There is no shortage of good ideas, but there is a lack of hard evidence on which to build a replicable, scalable model. This is where the World Bank’s Development Impact Evaluation (DIME) team comes in. In partnership with the Vila Olimpica Clara Nunes, a community sports center at the heart of Pavuna, we have launched “Program Your Future” (Programe o seu Futuro) to test whether these ideas can yield results for promising youth aged 14-24 growing up in high-violence and otherwise challenging settings. Through a randomized controlled trial, we are testing two approaches to preparing youth for the formal labor market. The first includes CIEE’s Jovem Alerta program combined with financial literacy training by SICOOB, the association of Brazilian credit cooperatives. The second includes a programming curriculum developed by computer science faculty at the Federal University of Rio de Janeiro complemented by advanced training in blockchain technology by the Blockchain Academy.
We are testing whether these low-cost, easily replicable and scalable interventions can be successful in improving jobs-related and social outcomes for participating youth. If so, there is great potential for scale-up in Rio de Janeiro and in other parts of Brazil, especially as the Brazilian government is currently planning a major effort to modernize technical and vocational training and align this with private sector needs. We’ve already received quite a bit of attention in the Brazilian press (here, here, and here, for example).
Programe o seu Futuro is a labor of love but, in this case, love is not all we need. All partners are contributing what they can. Vila Olimpica is contributing space for the program and community outreach. Banco Maré, SICOOB, and the Blockchain Academy are contributing their curricula and expertise. SICOOB is, additionally, donating forty computers for a lab at Vila Olimpica which will serve the community for years to come. Brazil’s Securities and Exchange Commission, Comissao de Valores Mobiliarios (CVM) is providing local convening power and leading ongoing efforts to mobilize private sector partners to fund program scale-up and further testing (conditional on successful results from our initial RCT) and to create linkages with firms that may be interested in hiring Programe o Seu Futuro participants, since these youth are not part of the population that would not normally be considered by such firms (see their official press release). The World Bank is leading on the research side and contributing funds for the RCT, coordinating the broader effort, and linking the work to national policy.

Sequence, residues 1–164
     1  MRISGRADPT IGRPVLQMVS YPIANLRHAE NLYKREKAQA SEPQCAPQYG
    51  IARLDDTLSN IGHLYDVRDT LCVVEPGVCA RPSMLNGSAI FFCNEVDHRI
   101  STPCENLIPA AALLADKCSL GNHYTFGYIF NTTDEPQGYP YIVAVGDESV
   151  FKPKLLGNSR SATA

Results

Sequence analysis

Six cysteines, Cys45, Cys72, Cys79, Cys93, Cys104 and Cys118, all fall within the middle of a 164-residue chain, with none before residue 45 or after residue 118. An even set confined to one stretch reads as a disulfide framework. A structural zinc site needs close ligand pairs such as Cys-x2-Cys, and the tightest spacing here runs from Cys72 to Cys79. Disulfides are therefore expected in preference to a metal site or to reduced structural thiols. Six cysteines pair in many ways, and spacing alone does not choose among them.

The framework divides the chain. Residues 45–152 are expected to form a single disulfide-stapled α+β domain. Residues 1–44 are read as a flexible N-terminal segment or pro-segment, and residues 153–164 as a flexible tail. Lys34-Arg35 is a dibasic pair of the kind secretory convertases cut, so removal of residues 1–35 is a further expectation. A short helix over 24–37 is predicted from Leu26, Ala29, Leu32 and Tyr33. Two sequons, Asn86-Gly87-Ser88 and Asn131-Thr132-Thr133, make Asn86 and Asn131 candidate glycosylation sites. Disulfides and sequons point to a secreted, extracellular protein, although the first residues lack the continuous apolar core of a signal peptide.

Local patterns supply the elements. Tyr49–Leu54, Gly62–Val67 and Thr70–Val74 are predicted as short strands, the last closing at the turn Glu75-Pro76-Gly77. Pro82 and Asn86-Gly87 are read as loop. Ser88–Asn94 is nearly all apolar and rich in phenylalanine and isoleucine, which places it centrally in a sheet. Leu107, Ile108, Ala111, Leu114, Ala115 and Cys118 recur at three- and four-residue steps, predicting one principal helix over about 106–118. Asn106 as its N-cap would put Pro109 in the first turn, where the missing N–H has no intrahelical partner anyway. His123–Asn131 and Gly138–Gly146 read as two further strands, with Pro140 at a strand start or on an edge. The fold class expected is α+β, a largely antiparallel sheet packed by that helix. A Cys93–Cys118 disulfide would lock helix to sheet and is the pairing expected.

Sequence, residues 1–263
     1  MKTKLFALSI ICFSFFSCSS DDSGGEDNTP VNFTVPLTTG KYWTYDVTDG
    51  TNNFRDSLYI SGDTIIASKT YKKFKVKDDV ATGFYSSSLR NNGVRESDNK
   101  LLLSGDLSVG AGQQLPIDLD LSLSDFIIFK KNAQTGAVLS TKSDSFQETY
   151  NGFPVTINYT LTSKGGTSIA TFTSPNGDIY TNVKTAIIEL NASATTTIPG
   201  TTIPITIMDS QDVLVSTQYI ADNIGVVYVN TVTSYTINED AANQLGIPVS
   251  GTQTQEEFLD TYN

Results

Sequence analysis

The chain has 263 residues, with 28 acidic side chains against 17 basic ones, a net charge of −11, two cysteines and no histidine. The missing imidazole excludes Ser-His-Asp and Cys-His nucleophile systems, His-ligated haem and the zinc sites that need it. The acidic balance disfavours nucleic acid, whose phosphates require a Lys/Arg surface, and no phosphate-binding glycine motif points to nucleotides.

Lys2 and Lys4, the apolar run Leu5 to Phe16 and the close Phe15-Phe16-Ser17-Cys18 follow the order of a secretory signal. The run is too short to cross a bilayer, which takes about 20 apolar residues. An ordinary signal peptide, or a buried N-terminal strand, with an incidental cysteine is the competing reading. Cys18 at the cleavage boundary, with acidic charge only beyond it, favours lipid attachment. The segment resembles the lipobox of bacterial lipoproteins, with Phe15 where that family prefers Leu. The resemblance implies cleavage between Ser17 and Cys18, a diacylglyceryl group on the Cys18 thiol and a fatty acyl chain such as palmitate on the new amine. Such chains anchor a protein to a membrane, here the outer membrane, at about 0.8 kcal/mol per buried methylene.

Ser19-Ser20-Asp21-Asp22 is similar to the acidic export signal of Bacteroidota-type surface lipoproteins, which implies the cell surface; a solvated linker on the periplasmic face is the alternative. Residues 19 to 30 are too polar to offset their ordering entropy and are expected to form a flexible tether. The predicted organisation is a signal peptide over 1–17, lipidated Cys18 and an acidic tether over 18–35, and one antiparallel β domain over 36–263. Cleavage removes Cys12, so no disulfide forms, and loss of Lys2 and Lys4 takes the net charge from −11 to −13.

Here's what some of our participants have to say so far:
Thamires, 19-years old, participating in Jovem Alerta: “The most interesting thing was learning about the details related to the labor market. we learned about how to take part in selection processes, how to deal with the work environment, how to dress for work, etc...I’ve already tried to start other courses and activities here, [but] this region does not have many options. This was the opportunity I found, and that’s why I chased it and came to class today.”
Rawide, 18 years old, participating in the programming course: “I think the class was very interesting...Now I know what programming means. I think about going to college. Maybe a Bachelor in Physical Education. But if I learn enough in this course, I now think I could also go on as a programmer... I’ve never seen courses like this being offered here. This is the first time!”